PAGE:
National Museum of American Jewish History show about 1917 has violence, revolution, refugees

The United States enters a war overseas, and people are dying and fleeing their besieged lands.

Unrest ripples across Russia. Tensions brew in the Middle East.

Immigrants find themselves unwanted in America, targets of surveillance, arrest, and deportation.

Such a fraught situation, riddled with resentments, class hostilities, racial and ethnic strife – it could be happening today.

And, of course, it is.

But earlier manifestations of many of the world’s intractable problems were all there, too, during one momentous year chronicled in an exhibition now on display at the National Museum of American Jewish History.

“1917: How One Year Changed the World” takes a close look at three far-reaching events that year. It runs through July 16 and will then move to the American Jewish Historical Society in New York City, where it will open in September.

On April 6, 1917, the United States declared war on Germany, entering the devastating European conflict.

Just a month earlier, Russian Czar Nicholas II had abdicated, and in October the radical Bolsheviks, led by V.I. Lenin, seized power in a bloodless coup and declared the primacy of the Russian Soviet Federative Socialist Republic.

Third, in a letter dated Nov. 2, 1917, published a week later, British Foreign Secretary Arthur James Balfour declared that Britain viewed “with favour the establishment in Palestine of a national home for the Jewish people.”

The letter, to Baron Rothschild, was intended to be passed along to the Zionist Federation of Great Britain and Ireland. As the great powers were carving up the postwar world, the Balfour Declaration was incorporated into the treaty with the defeated Ottoman Empire and set the stage for a seemingly endless Arab-Israeli conflict.

“The conflicts and consequences of 1917 are often overshadowed by later events, but they determined so much about the world as well as American and Jewish experiences thereafter,” said Josh Perelman, the museum's curator and director of exhibitions and collections. “The U.S. emerges from World War I as the leading military power in the world. This was not the case before, and it represents a dramatic shift in America’s role. We’ve been navigating that leadership role for a century and continue to navigate it to this day.”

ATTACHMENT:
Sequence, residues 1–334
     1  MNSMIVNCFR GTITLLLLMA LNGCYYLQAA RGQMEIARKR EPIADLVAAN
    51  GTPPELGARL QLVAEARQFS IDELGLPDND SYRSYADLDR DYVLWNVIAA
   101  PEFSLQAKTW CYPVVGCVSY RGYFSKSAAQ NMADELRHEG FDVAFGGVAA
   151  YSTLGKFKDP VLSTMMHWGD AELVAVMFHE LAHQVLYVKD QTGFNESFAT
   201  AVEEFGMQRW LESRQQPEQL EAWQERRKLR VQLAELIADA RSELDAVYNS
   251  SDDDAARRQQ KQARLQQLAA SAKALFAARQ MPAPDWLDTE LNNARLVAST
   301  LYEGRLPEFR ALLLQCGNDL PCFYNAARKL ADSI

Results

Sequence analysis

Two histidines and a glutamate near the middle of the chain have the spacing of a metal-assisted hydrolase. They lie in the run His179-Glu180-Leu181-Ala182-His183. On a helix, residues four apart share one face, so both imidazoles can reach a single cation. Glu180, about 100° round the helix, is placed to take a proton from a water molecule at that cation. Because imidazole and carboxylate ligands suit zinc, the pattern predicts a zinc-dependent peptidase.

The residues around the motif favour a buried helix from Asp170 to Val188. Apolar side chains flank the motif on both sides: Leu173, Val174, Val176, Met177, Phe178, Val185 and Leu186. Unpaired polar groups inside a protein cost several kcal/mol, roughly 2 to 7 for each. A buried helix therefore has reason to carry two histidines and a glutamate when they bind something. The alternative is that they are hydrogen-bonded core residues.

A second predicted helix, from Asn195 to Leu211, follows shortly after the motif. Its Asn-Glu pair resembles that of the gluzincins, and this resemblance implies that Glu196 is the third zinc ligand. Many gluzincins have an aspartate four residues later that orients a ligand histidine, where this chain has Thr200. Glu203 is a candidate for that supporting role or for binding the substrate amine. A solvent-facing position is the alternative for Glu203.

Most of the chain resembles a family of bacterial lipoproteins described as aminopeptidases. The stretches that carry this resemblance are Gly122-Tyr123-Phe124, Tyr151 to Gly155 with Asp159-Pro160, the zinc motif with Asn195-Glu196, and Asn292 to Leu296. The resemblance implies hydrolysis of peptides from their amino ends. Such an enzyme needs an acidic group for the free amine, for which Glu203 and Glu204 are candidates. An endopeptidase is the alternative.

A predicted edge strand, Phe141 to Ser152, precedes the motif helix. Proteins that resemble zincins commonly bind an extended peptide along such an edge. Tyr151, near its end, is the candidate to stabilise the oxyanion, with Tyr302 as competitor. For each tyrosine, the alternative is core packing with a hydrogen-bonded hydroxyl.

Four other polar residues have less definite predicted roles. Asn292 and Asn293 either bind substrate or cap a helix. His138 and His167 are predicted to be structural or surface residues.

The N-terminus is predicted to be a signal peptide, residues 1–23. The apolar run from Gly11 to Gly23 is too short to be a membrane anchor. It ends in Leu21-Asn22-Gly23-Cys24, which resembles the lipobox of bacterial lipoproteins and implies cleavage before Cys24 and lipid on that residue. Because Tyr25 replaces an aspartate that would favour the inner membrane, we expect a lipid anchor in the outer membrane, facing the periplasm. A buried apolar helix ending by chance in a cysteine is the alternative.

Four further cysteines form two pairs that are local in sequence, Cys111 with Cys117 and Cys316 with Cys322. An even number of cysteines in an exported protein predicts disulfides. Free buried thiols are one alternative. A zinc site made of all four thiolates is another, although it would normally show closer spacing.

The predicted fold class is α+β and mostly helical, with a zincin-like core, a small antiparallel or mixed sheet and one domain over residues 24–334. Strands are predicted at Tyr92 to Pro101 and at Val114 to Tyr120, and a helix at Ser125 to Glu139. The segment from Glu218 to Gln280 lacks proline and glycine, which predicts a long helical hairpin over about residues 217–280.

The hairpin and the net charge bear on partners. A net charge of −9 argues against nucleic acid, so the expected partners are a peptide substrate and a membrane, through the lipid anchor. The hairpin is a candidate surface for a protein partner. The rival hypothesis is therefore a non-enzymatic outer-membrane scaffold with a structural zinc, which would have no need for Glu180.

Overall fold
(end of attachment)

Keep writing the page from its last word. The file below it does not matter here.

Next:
Back in that long-ago day, the show introduces us to a young Golda Myerson, later Golda Meir, attending the first meeting of the American Jewish Congress in Philadelphia in 1918 and writing a chatty postcard to a friend in Chicago. “I’ve been resting and having a good time,” she writes. “The convention starts tomorrow night. It will be hard work.” She signed it "Goldie."

Myerson planned to move to Palestine with her husband, Morris, as soon as possible. They left the United States for a kibbutz in Palestine in 1923. She became Israel’s first ambassador to the Soviet Union in 1948 and eventually became Israeli prime minister.

Here, too, is Emma Goldman, anarchist, feminist, lover of anarchist Alexander Berkman. Both were born in Lithuania, then part of the Russian empire. Both came to the U.S. in the 1880s. A photo shows her sitting with Berkman in 1919, awaiting deportation. J. Edgar Hoover, head of the precursor to the FBI, called them “two of the most dangerous anarchists in this country.”

Goldman, proponent of birth control and revolution, looks simply sad. Berkman has crutches in his lap. 

Here is Julius Rosenwald, of Sears, Roebuck, raising millions for the American Jewish Relief Committee to aid Jews battered by world war. Here is the Medal of Honor awarded posthumously and very belatedly to Sgt. William Shemin. President Barack Obama, in 2015, awarded Medals of Honor to both Shemin and Henry Johnson. Both had been denied the recognition for their bravery on the world war battlefields at the appropriate time – Shemin because of anti-Semitism, Johnson because of racism.

Lest it all seem grim, then, like now, there was music. Irving Berlin’s war-inspired songs swept the country. George M. Cohan’s "Over There" was a big hit.

All is documented in the 1917 exhibition.

“Coming out of 1917,” said Perelman, “war, revolution, the ongoing navigation of nationalism in the Middle East lead to decisions -- there is a popular perception that allowing foreigners into the country needs to be managed.”

Jews fled Europe but had hopes for revolution in Russia. But the violence of pogroms gave way to the greater anti-Semitic violence of the post-revolution civil war. The Middle East beckoned battered Jewish refugees just as the revolution soured and America slammed the door.

America the Beacon became Fortress America. The last image in the show is a cartoon by Herbert Johnson. A huge wave of immigrants -- labeled “alien undesirables” -- presses against a massive wall of the fortress, which is labeled “immigration restriction.” World War I served as catalyst for migration and flight, as well as for draconian restrictions on immigration.

The cartoon is titled “Make This Flood Control Permanent.”

A big, beautiful wall. What could be more contemporary?